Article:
If we believe this, then China has surpassed official lenders like the International Monetary Fund, World Bank, and all OECD countries put together.

This is all part of China’s ‘debt-trap diplomacy’.

This borders on China’s hegemonic intentions, especially via Belt and Road Initiative, where there have been infrastructure projects using Chinese contractors in strategically located developing or mineral-rich countries of Africa.

The recent global pandemic will severely impact the debt repayment capacity of the recipient countries, and this would have a deep impact on China’s overall Debt-to-GDP ratio (300 per cent), which is one of the highest in the world as per The Institute of International Finance (IIF).

China has been swarming the tech sector with furious deals by Alibaba, and Ant Financials, which are buying or investing in companies from Silicon Valley to Bangalore.

5G technology was the origin of their trade face-off with the US, when they blocked Huawei Technologies.

After the Covid-19 crisis, EU countries are also up against these companies and want them barred from making inroads into their digital infrastructure.

The US And The Rest of World Advantage

The world has been closely watching how opaque China was during the handling of the Coronavirus crisis. Almost all the countries, from Germany, France, and Japan, to the US have been clamouring for sharing of information, which was not forthcoming from an authoritarian regime.

This has been the biggest PR disaster for China, which has many countries scurrying for ring fencing of their economies from its predatory tactics.

Japanese Prime Minister Shinzo Abe was first off the block by offering $2.2 billion to Japanese companies for relocation from China, to delink from the China-centric global supply chains.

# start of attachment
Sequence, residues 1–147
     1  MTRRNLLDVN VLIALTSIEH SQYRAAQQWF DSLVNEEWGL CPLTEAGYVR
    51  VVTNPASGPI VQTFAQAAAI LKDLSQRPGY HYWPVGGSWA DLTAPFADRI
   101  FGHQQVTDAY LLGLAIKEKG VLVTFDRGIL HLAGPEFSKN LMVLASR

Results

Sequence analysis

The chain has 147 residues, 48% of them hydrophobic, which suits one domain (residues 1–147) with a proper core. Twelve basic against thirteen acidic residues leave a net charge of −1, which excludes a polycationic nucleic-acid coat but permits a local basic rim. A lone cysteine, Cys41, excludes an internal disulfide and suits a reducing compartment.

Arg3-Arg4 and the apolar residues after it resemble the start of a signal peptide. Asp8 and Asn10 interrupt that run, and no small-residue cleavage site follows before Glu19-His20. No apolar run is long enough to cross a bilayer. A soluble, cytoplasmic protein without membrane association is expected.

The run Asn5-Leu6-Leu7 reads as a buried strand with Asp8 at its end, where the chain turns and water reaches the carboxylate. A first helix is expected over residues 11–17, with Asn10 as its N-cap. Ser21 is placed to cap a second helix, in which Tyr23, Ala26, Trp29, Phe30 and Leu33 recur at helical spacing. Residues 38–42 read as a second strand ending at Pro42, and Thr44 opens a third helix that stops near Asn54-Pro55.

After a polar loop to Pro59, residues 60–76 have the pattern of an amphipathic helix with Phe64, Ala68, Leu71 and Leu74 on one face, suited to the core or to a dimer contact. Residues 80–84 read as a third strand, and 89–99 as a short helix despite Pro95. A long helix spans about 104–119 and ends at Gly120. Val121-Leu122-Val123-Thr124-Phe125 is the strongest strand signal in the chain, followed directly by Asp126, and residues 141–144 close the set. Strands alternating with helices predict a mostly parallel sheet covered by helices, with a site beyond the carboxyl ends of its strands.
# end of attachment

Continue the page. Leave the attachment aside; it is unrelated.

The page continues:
One must overlook the fact that the US still enjoys the dollar dominance in international trade. In spite of China being the second largest economy, the yuan constitutes only 2 per cent of global payments and reserves.

The US dollar is still the most preferred denomination for global reserves.

So, China may short change its way to be first in queue as economic leader post the Corona crisis. However, what is and will be crucial for the world is trust, which unfortunately, China has lost in these three months.

Geopolitics Will Decide The Winner, Not Economics

Leadership will be the key as to who will be the winner in the post-pandemic world. US and allies, mostly Europe, Japan and India, will have show a collaborative approach if they have to fight Chinese hegemony.

Make no mistake, but even the best or worst of authoritarian regimes have their brittleness.

Unfortunately, for the US, one thing that is missing is a mature leadership; you cannot fight a determined enemy by constant flip-flop diplomacy and lack of any cohesive action.

Other regime leaders, maybe from Eurozone, Japan or even Asia, will have to take a lead position and then rally others around.

Even if we assume that China will be the first off the bloc in terms of economic recovery, it should not take this as a ‘carte blanche’ to be ‘de facto’ leader of the post pandemic global order.